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View Diary: FACES of Coal are iStockPhotos?! (132 comments)

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  •  It's egregious in this case (4+ / 0-)

    They aren't selling flowers.  They're selling the permanent destruction of our environment.

    It is egregious when ad campaigns sell despair and death.  The old cigarette commercials where some "doctor" recommends Camels as his favorite brand were egregious in the same way.

    •  I have to agree with think2004 (1+ / 0-)
      Recommended by:
      ColoTim

      One person's "permanent destruction of our environment" is another person's industry that "powers the US economy". We can argue about the value or harm of the industry behind the marketing campaign, but current law allows such marketing. IMO, egregious practices would be more like the recent "Stormfront" TV ads where models pretended to be real people.

      •  Well then, why not run ads selling (0+ / 0-)

        arsenic as an elixir?  That would empower the arsenic industry; and after all one person's poison is another person's industry that powers the US economy.  Perhaps because it used to be done and is now illegal?

        When we have to lawyer up on what is legal and ignore what is moral, isn't the action in question, by definition, immoral?  Laws then are enacted to stop the immoral practice by making it illegal.  And simply because there is no law yet regarding a practice, does not make it moral.

        One person's ad agent that slicks up arsenic as a tonic is another person's lying A-hole.  Not that it's necessarily illegal to be a lying A-hole.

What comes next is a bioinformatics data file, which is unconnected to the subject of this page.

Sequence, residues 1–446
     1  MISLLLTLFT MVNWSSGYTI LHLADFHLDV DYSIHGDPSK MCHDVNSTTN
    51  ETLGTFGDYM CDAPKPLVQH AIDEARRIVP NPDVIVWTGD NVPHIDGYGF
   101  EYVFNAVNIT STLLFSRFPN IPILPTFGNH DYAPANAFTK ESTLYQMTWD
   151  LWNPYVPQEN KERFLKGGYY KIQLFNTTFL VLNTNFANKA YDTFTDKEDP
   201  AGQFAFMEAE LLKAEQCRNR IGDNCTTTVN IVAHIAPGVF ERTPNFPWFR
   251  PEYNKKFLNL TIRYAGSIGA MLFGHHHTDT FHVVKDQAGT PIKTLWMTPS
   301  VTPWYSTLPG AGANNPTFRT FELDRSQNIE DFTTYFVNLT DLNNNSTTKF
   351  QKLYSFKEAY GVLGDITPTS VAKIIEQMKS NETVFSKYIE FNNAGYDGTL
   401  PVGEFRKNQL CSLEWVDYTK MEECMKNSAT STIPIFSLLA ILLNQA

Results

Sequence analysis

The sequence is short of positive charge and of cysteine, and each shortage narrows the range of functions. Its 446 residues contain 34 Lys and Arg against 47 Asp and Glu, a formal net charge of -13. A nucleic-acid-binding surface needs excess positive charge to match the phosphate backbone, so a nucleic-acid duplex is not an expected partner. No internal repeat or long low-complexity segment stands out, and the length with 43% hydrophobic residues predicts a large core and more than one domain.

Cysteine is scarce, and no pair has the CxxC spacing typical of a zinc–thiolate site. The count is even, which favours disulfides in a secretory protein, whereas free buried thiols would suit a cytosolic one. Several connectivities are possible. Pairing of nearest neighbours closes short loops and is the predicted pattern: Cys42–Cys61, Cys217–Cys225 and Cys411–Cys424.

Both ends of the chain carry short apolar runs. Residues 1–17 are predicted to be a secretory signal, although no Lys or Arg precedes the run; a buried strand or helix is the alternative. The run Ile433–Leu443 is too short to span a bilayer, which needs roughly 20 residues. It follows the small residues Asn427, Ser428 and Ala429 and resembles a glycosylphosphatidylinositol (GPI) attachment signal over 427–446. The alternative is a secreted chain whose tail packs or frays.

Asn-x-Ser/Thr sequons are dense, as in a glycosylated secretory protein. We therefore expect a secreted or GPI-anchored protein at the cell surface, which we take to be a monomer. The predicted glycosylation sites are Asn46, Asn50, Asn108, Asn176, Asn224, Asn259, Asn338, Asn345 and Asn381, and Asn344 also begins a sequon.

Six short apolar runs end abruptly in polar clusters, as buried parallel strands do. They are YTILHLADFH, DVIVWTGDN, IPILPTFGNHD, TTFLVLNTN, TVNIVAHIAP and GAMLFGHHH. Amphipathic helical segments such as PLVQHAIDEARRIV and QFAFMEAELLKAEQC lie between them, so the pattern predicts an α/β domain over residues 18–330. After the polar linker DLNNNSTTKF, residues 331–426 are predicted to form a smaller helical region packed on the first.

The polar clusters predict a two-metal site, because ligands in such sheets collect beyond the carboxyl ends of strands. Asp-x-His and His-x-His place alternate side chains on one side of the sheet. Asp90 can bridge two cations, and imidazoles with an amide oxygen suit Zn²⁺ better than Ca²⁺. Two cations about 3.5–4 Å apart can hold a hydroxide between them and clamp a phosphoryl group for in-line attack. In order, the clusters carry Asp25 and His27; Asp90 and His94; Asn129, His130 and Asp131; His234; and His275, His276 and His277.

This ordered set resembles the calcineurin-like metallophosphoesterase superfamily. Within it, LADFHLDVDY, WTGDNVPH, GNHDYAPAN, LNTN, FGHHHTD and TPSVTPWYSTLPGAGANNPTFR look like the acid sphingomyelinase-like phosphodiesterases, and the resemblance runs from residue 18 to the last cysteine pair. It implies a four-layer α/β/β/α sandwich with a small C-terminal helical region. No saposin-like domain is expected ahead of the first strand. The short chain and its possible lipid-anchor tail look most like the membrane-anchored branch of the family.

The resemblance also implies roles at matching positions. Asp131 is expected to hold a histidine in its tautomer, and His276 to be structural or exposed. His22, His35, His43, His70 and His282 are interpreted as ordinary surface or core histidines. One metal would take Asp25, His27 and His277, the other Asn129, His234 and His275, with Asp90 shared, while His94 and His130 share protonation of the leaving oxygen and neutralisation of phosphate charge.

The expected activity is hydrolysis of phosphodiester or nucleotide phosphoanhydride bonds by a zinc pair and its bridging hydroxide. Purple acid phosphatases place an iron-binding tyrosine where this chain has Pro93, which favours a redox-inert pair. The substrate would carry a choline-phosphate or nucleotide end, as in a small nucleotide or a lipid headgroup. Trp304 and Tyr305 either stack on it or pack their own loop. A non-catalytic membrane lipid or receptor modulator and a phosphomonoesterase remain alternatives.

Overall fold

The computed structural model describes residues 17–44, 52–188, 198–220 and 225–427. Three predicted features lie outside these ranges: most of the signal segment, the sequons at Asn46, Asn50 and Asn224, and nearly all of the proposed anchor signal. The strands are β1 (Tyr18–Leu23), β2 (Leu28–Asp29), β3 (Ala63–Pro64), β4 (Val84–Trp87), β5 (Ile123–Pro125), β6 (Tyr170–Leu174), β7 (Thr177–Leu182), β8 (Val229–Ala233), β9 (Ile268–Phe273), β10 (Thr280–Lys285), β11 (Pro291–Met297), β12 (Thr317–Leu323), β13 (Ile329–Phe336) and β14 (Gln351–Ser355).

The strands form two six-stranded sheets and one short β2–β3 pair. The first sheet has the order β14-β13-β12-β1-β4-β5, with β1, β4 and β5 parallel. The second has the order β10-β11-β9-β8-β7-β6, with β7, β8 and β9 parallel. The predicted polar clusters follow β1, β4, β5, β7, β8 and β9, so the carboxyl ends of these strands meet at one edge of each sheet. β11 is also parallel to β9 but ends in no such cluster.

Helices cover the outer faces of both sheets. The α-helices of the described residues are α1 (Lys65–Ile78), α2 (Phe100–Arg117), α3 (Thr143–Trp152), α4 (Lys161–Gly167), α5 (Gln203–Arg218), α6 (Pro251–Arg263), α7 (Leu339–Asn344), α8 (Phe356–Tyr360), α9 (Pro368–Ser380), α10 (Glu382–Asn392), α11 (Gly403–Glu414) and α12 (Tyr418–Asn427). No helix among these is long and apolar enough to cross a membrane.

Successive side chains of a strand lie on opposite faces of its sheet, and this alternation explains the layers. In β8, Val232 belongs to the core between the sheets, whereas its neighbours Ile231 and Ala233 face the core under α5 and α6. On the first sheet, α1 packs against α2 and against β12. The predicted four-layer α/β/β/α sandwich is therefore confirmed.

Seems to me.

        •  Legal marketing tactics aren't the villain here (0+ / 0-)

          My point is that while I agree the practices of the group behind the web site are shady, they're not illegal since there's no outright misrepresentation being foisted on the public. If it's the industry behind coal power that are the evil-doers, then they should be the target of our ire, not some web designer who followed commonly held practice substituting an idealized representation of the beneficiary of the product instead of a real person.

          •  I'll just have to disagree (0+ / 0-)

            that agencies are guiltless.  The money is dirty.

            We've been through all this about agents the last several elections.  When Mark Penn, for example, took bad people in South America for clients at the same time that he was Hillary's campaign's chief strategist, it was not illegal.  Nonetheless, when the light of day was shown on him he was fired.  Beyond that, Hillary lost.

            Just because a thing is legal doesn't make it acceptable.  As decent people we don't have to deal with crooks just to make a buck.

            •  To your last two sentences all I can say is (1+ / 0-)
              Recommended by:
              deben

              I totally agree. Some creatives can turn a blind eye to what it is they are promoting while others stand on their principles and are more selective. But some take whatever business they can get cuz they have a family to feed and a mortgage to pay. This is nothing new.

              And how interesting that I'm talking about this after having just watched an episode of Mad Men.

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